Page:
Three women in rural Maharashtra have set the wheels of change in motion in their villages as they tackle patriarchal mindsets and break through the notion of predefined gender roles.
Until a year ago, 36-year-old Asiya Gavandi would give herself a reality check whenever she dreamt of selling her Rajgira ladoos (a dessert made out of amaranath seeds). Asiya, a resident of Maharashtra’s Kolhapur district, had made peace with the fact that her dream of selling homemade food items could never take off.
However, after teaming up with 10 more cooks from her neighbourhood in Agar village, realisation dawned upon her that she wasn’t alone in dreaming big. “We started sharing our recipes and gave each other tips on how to package or add preservatives to increase the longevity of the items. By doing research online about packaging, we learnt how to market the products better by establishing a brand. Once we figured out how to market it, we knew who to approach to get enough visibility,” Asiya told indianexpress.com.
Women in Asiya’s village are rarely allowed to step outside to find a source of income. So she taught the women, who were interested in earning, to turn their hobbies into entrepreneurial ventures just like she did.
“There are very few employment opportunities for women in my village. People are still averse to the idea of sending a woman out to work even if their sustenance depended on it. I taught anyone who was willing to change their lives for the better. And why shouldn’t women earn? This fills us up with so much confidence and the financial contribution makes us feel like we’re valued more in the household,” Asiya says.
Asiya is part of Internet Saathi, a digital literacy program Google launched in July 2015. Currently, India accounts for over 400 million internet users, but only 30 per cent of these are women. The initiative aims to eliminate this gap by training and educating women in rural India.
Like Asiya, 30-year-old Aparna Bankar has also mobilised women in Maharashtra’s Brahmani village to raise awareness about menstrual hygiene. “Women in my village are still not allowed to enter their own homes when they are on their period. They are served food like one would offer meals to a stray animal. People have shooed me away from their houses for trying to speak to the women in their family about menstruation. Even women are stuck in a time warp, and don’t think that this topic needs to be discussed even if they have to suffer ailments,” Aparna said.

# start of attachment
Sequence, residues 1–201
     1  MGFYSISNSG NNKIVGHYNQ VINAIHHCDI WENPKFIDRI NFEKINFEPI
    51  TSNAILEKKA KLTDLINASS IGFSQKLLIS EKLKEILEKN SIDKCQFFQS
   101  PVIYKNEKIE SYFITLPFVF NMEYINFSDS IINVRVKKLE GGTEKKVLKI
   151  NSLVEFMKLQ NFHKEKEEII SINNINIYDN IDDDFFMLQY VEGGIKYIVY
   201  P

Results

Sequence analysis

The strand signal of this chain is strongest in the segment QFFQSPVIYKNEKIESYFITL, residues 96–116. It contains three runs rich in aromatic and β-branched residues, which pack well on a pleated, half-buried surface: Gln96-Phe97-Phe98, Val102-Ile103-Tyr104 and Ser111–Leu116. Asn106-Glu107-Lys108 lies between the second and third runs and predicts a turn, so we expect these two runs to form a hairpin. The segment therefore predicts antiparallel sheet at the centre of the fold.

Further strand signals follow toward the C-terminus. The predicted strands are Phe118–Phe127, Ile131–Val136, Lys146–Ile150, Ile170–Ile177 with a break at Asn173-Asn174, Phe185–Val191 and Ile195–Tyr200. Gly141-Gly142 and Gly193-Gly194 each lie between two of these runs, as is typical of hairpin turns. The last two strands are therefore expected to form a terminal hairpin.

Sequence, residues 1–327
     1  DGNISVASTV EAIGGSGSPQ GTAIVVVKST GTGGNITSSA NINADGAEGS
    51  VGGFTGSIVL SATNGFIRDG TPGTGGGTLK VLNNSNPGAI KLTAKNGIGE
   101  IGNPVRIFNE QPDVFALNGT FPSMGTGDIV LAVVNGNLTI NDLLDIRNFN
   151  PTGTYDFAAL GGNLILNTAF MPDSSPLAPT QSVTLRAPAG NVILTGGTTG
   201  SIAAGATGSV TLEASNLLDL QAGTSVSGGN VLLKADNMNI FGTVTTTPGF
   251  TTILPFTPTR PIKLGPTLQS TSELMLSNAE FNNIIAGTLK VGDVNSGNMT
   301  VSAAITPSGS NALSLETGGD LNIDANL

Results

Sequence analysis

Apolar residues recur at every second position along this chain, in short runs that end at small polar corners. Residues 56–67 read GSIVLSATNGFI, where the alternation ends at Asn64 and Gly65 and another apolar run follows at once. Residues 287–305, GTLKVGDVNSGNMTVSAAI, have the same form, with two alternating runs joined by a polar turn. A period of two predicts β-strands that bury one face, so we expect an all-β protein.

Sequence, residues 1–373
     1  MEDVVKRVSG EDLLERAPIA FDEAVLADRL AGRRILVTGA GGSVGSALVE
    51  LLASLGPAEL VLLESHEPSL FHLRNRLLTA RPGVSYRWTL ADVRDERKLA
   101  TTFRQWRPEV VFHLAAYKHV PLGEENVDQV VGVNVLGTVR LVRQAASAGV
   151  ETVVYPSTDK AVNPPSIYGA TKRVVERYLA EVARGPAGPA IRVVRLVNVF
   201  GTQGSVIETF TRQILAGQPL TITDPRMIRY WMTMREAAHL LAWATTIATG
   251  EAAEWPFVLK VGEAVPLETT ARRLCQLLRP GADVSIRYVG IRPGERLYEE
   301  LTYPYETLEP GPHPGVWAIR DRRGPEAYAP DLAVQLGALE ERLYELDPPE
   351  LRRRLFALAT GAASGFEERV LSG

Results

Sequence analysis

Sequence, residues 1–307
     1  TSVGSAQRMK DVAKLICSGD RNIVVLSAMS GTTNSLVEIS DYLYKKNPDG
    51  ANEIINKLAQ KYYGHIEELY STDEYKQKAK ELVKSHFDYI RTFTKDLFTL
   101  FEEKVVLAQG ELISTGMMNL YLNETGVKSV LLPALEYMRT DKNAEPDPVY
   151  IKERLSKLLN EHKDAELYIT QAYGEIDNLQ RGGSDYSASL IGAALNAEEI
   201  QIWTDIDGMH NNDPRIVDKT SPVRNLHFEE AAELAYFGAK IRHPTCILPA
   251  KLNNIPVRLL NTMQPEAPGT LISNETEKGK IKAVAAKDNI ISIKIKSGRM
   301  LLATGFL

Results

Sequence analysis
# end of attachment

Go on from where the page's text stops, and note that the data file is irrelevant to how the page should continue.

From educating more women about the need for biodegradable sanitary napkins, to setting up a production unit that supplies the pads to women in the village, Aparna has had to battle quite a few roadblocks. The 30-year-old found it quite difficult to muster a workforce, but increased awareness helped some women realise the income opportunity associated with it, overcoming their prejudices.
“My relatives almost shunned me for working here, but I fought against everyone because I had just lost my husband and I wasn’t going to leave my kids uneducated. So I decided to learn all about how one can make sanitary napkins and how they prevent infections that we get from using cloths and rugs,” says Sangita Nand Bhonsle, a worker at Aparna’s sanitary napkin production unit.
Have bees, will make honey
But for Rohini Shirke from Maharashtra’s Adul village, learning about honey bee farming was a meticulously planned decision. Rohini taught herself to trap and take care of honey bees and then harvest the honey. “With honey bees, one has to take extra care in making sure that the queen bee is unharmed, and the hive hasn’t been infested with ants. I keep going back to the forest to inspect whether they have enough source of food. After figuring out ways to bottle and package it, I started asking local restaurants to keep my honey. I mostly relied on my friends and relatives to spread the word about my honey business,” she said.
Although there are 58,000 ‘Internet Saathis’, who have benefitted over 22 million women, Google’s head of marketing Sapna Chadha believes that conservative mindsets are the real challenge they need to overcome.
“Even though access and affordability have improved over the last few years, the biggest obstacle has been changing mindsets. There are a lot of people who still don’t want the women in their family to have a smartphone because they don’t think they need to use them. Women are also often reluctant to use technology because they are unaware of the scope of the internet,” Chadha told indianexpress.com.